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MELISSA BLOCK, Host:

From NPR News, this is ALL THINGS CONSIDERED. I'm Melissa Block.

MICHELE NORRIS, Host:

And I'm Michele Norris.

The Wikipedia page for the jazz artist Esperanza Spalding was struck with a bad case of Bieber fever last night, the night when she won the biggest award of her career.

BLOCK: And the Grammy for Best New Artist goes to Esperanza Spalding.

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NORRIS: To win that Grammy, Spalding nudged past four other artists including 'tween sensation Justin Bieber. Esperanza Spalding may not be a household name - at least, not yet. So Grammy viewers who rushed to Wikipedia to learn more discovered that her site had been defaced - apparently by disappointed Bieber fans, who wrote things like: Justin Bieber deserved it, go die in a hole. Who the heck are you, anyway?

Ouch. NPR Blogger Linda Holmes has been following the sabotage of Spalding's Wiki site, and she joins us now here in the studio. Linda, I guess the Bieber fans allegedly didn't get the memo about good sportsmanship

LINDA HOLMES: Apparently not, not unless they're being framed.

NORRIS: What kind of things did they write? Did they go on the site and just make edits on the Wiki page? Is that what happened?

HOLMES: Yes, the way Wikipedia works, anyone can go and make edits. And then anyone else can go in and fix it or take them out. And most of these things were only up for a very, very brief time and were taken down. But they live on forever in the history of the page, which will always show what former versions of the page existed.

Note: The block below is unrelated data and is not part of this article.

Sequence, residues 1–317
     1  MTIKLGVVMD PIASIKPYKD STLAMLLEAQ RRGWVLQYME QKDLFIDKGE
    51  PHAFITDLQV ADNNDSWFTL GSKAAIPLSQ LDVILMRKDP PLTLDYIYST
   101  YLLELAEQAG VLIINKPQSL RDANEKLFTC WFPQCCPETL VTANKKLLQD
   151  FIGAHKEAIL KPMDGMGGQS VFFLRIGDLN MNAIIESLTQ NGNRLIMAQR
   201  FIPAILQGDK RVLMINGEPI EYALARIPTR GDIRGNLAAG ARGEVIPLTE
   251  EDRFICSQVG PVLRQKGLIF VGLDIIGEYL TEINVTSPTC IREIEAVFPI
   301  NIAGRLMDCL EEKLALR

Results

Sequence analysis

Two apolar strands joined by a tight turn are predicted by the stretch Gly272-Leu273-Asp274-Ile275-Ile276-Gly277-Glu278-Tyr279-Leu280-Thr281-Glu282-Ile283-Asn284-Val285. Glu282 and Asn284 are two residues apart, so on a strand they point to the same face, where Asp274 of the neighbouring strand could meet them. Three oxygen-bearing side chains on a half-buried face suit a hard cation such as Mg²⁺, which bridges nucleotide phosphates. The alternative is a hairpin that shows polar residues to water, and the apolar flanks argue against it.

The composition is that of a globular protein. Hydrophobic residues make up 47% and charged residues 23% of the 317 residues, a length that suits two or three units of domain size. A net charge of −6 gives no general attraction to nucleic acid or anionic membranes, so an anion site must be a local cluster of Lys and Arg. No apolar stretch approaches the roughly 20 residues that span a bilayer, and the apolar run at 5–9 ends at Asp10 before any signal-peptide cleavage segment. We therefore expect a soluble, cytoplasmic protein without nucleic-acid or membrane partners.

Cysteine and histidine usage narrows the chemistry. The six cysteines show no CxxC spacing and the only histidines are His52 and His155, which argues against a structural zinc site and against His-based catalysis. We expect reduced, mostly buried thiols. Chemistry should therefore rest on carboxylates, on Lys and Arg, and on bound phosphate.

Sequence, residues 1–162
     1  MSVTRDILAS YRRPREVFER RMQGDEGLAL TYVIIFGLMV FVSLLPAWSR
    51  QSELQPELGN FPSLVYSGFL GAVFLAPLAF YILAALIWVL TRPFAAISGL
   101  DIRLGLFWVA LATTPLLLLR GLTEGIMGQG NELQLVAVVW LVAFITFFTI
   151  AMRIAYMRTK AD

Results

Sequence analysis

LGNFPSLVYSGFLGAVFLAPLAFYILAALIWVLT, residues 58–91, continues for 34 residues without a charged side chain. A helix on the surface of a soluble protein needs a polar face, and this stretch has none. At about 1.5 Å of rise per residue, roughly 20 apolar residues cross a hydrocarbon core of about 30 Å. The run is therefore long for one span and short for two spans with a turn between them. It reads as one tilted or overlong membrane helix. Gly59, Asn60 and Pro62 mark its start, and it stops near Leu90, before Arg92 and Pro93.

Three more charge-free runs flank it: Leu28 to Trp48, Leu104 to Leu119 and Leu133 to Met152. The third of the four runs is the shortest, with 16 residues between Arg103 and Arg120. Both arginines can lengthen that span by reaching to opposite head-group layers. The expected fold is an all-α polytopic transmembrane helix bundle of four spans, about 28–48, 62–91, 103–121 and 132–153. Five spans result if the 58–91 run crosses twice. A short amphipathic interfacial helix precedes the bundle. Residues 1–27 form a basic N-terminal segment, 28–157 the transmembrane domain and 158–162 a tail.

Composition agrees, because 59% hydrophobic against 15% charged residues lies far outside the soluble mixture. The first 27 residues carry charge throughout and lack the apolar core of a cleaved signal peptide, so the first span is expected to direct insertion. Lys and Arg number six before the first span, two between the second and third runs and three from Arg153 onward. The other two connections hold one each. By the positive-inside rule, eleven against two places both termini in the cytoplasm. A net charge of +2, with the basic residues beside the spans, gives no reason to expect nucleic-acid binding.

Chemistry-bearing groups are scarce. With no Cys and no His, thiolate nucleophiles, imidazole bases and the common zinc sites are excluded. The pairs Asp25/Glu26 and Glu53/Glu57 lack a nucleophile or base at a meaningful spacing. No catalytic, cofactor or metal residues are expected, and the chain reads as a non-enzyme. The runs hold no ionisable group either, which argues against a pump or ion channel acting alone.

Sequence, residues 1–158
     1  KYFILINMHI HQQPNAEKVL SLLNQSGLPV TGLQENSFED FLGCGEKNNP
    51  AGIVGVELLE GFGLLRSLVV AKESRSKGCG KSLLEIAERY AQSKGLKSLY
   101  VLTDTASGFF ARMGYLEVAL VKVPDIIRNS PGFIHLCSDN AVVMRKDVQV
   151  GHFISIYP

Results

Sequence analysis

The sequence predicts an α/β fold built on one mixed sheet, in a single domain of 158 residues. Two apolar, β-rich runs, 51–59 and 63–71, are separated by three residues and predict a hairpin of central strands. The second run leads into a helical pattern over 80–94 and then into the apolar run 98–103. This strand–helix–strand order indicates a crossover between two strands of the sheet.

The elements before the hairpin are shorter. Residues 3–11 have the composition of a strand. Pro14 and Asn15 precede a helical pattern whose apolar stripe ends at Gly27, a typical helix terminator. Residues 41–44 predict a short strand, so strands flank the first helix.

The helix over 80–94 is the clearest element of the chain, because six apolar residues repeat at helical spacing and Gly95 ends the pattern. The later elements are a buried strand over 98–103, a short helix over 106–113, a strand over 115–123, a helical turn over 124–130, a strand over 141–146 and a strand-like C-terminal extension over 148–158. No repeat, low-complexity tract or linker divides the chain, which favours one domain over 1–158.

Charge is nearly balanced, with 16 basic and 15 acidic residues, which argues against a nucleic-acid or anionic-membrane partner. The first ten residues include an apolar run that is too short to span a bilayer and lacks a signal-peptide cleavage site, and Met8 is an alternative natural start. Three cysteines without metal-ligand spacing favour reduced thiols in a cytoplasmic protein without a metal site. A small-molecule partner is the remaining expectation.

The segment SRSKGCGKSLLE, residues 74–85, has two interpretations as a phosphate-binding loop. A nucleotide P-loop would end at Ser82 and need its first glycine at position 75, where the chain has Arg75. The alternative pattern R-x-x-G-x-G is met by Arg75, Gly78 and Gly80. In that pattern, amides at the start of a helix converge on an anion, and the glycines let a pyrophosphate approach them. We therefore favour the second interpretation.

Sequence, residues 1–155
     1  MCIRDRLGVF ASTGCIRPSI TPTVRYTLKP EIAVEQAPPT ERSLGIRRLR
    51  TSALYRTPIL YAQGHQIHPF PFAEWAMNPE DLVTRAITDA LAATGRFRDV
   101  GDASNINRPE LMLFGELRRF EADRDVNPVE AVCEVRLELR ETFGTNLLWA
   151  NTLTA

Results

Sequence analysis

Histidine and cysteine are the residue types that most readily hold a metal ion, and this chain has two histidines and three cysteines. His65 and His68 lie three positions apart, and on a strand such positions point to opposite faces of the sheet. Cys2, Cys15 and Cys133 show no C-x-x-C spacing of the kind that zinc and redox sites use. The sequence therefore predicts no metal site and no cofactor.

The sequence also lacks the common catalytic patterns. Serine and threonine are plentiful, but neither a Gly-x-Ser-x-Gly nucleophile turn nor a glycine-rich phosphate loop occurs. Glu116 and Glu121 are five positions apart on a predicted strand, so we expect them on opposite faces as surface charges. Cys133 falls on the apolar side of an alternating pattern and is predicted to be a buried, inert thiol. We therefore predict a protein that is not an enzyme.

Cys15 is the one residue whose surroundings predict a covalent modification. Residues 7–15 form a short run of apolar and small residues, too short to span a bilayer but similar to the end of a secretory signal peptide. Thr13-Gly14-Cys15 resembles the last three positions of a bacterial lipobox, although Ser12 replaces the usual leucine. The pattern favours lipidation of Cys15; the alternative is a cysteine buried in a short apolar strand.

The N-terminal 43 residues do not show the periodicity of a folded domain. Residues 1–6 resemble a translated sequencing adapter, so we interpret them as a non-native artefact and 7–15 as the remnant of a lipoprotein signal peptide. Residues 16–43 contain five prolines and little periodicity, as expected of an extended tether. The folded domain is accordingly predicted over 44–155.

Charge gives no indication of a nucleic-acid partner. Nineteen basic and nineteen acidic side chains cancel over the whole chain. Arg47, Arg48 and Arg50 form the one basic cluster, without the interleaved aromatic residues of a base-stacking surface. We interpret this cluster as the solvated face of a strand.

NORRIS: Ah, so they can scrub it, but it's still there.

HOLMES: They can scrub it, but you still can go and see the old versions of the page if you go into the page's history, and that's how people are still being able to see all these things, even though they've been removed and no longer show up on her main page.

NORRIS: So what kinds of things did they say?

HOLMES: Well, I think the "go die in a hole" was probably the most famous one. They changed her...

NORRIS: Not nice.

HOLMES: No, no. It's not a particularly dignified way to express your fan-dom. They changed her middle name to quesadilla at one point, which has a couple of ugly aspects to it.

There was one edit that said she won the Grammy for Best New Artist by stealing it from Justin Bieber. So they were generally along those lines. And then there were responses where other people added bad remarks about Justin Bieber or Justin Bieber fans. And it's one of the many things that makes the Internet not look particularly good.

NORRIS: Have there been other examples of this, Justin Bieber fans flexing their muscle to bully other artists or to shower praise on the boy they seem to love?

HOLMES: Well, he has millions and millions of followers on Twitter. And I think if you follow him on Twitter, you see a lot of his interactions with his fans. They can be a very powerful group. Any poll that he's nominated in, if it's an online poll, he will rise to the top of it.

NORRIS: So it's like a Bieber swarm?

HOLMES: It is a Bieber swarm, the Beliebers, they call them.

NORRIS: One more time, the what?

HOLMES: The Beliebers.

NORRIS: Oh, the Beliebers, OK.

HOLMES: I don't think they call themselves that, but that is one of the many names I think they've gotten tagged with.

NORRIS: How did Wikipedia respond to this?

HOLMES: Well, they take all these things down. Fortunately, there are editors at Wikipedia who will undo things like this, and they do respond. They took it down. But as I said, there's an archive that will always show that these things happened.

NORRIS: Have the artists - either Justin Bieber or Esperanza Spalding - responded to this?

HOLMES: I haven't seen direct responses from them about this particular incident. Justin Bieber did tweet to his fans today that he was disappointed not to win, but that he was happy for her and that he did not think this was his last chance to ever win an award - which given his extreme youth, is probably very fair.

NORRIS: Linda, thanks so much.

HOLMES: Thank you.

NORRIS: That's NPR Blogger Linda Holmes. She writes the Monkey See blog at npr.org.

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